The African American Theatre Directory, 1816-1960: A Comprehensive Guide to Early Black Theatre Organizations, Companies, Theatres, and Performing Groups

By Bernard L. Peterson Jr. | Go to book overview

E

EAST TENNESSEE COLORED MINSTRELS.SeeCOLORED MINSTRELS.

EATON & HOGAN'S COLORED MINSTRELS.SeeAppendix B(I)II.

EATON'S AFRO-AMERICAN VAUDEVILLE COMPANY.SeeAppendix B(2)11.

EATON'S COLORED BIG CITY SHOW // also known by numerous other titles cited in this entry. Variety troupe, active 1890s. The first black vaudeville specialty company. Organized by * Harry S. Eaton. This company toured under several different titles and managers. As Harry Eaton's Big City [Colored] Show, it opened in Philadelphia in Nov. 1891. As Harry Eaton's Colored Sports Co., it opened at Rocky Point, RI, in the summer of 1894. As Harry Eaton's Colored Big City Show, it opened at Miner's Bowery Th., NYC, Sept. 4, 1896, under the management of * Alf Weathers, with a company that included Eeaton & Weathers, * Billy Young, the * Oriole Quartet, * Herbert La She (and Ten Octoroon Ladies), Prof. * P. G. Lowery (bandleader), and Prof. Sam Schiller ( orchestra conductor). As Harry Eaton's Colored Sports Big City Show, it opened in Brooklyn, NY, in Oct. 1896, under the comanagement of the Melbourne Bros., with Harry Daley, manager, and a company that included Eaton & Weathers, * Billy Jackson, * Charles Hunn, and the Mobile Four (a quartet consisting of Messrs. Cummings, Heywood, Mercer, and Ray). In Dec. 1896, Harry Eaton's Colored Sports Co. was disbanded and reorganized in March 1897 as Eaton & Weathers' Colored Big City Sports Co., under the management of Alf Weathers. Under this title, it toured New England in 1897 with Eaton & Weathers, Nellie Eaton, *James and * Sue Grundy, * John Larkins, Billy

-63-

Notes for this page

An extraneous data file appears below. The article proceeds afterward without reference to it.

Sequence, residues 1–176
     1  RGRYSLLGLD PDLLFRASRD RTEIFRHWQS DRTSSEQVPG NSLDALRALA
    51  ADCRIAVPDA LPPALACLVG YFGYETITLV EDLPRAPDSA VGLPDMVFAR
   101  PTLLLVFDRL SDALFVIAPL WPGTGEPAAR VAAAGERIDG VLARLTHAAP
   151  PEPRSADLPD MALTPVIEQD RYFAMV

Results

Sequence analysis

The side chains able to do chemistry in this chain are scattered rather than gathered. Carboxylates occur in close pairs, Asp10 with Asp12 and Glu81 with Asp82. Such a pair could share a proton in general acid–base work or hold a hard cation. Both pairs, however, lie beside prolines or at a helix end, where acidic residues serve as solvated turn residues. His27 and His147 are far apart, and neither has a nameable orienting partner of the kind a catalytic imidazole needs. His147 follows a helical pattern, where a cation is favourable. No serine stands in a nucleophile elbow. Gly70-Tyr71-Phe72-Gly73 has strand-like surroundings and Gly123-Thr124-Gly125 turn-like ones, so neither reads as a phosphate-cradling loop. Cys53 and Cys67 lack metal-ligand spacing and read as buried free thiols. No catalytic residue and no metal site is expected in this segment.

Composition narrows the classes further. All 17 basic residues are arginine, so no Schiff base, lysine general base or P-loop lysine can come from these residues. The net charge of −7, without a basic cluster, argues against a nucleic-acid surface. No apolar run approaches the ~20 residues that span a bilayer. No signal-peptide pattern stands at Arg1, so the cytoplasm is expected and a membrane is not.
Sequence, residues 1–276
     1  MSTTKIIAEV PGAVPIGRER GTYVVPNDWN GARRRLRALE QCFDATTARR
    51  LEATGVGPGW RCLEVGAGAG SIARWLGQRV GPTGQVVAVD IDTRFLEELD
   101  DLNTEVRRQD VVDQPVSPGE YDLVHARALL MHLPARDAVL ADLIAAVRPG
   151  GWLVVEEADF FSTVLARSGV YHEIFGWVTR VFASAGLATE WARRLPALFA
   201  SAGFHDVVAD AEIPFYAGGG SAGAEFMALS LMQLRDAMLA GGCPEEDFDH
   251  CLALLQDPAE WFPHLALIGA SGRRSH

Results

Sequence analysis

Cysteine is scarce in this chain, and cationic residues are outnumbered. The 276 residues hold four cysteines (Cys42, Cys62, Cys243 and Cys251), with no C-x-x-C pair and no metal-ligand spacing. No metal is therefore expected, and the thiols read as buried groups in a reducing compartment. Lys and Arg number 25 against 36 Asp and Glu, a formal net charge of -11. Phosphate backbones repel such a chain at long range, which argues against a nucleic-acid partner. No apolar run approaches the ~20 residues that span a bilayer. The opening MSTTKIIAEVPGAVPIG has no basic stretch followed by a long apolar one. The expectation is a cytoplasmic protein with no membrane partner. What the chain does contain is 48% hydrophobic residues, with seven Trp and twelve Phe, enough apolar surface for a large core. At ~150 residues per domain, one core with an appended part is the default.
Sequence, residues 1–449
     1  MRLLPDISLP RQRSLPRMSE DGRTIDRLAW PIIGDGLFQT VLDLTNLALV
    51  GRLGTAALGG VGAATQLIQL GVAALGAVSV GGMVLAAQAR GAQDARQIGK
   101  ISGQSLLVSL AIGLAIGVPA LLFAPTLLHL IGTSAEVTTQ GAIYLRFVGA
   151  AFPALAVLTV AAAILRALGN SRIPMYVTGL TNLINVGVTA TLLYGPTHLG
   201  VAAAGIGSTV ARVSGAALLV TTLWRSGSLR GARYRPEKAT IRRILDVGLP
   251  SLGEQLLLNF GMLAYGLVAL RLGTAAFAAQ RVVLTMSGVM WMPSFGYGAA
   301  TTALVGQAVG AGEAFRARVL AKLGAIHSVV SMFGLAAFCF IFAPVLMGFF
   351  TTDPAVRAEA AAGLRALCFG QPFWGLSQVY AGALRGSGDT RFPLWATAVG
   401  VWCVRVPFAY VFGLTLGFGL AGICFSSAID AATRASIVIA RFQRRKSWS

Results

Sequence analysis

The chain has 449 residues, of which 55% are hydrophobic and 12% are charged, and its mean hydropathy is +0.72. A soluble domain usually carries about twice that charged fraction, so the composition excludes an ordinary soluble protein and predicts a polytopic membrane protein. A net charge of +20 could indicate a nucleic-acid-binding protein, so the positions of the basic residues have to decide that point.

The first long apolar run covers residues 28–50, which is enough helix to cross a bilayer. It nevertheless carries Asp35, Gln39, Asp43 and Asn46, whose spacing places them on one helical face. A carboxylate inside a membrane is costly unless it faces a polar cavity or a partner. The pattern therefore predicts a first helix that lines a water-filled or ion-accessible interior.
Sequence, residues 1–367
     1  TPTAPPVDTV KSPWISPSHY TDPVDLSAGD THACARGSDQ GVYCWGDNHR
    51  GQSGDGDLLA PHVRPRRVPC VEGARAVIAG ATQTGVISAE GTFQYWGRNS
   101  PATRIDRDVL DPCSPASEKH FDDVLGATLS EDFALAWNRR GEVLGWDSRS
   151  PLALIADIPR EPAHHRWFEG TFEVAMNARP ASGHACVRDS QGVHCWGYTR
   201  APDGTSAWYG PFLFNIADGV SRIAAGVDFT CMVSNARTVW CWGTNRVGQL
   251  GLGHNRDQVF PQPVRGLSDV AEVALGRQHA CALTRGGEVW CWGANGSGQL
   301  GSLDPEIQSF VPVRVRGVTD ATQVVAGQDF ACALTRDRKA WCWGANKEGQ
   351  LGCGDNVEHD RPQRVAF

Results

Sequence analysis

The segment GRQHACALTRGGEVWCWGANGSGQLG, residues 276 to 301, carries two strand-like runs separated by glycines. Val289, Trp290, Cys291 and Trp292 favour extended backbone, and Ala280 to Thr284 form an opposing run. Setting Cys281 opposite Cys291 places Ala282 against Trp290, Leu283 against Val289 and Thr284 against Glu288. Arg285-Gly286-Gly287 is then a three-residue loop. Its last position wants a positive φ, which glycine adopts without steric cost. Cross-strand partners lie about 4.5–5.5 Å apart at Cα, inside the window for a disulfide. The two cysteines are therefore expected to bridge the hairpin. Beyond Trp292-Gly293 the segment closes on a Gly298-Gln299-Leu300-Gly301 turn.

Add a new note
If you are trying to select text to create highlights or citations, remember that you must now click or tap on the first word, and then click or tap on the last word.
One moment ...
Default project is now your active project.
Project items

Items saved from this book

This book has been saved
Highlights (0)
Some of your highlights are legacy items.

Highlights saved before July 30, 2012 will not be displayed on their respective source pages.

You can easily re-create the highlights by opening the book page or article, selecting the text, and clicking “Highlight.”

Citations (0)
Some of your citations are legacy items.

Any citation created before July 30, 2012 will labeled as a “Cited page.” New citations will be saved as cited passages, pages or articles.

We also added the ability to view new citations from your projects or the book or article where you created them.

Notes (0)
Bookmarks (0)

You have no saved items from this book

Project items include:
  • Saved book/article
  • Highlights
  • Quotes/citations
  • Notes
  • Bookmarks
Notes
Cite this page

Cited page

Style
Citations are available only to our active members.
Sign up now to cite pages or passages in MLA, APA and Chicago citation styles.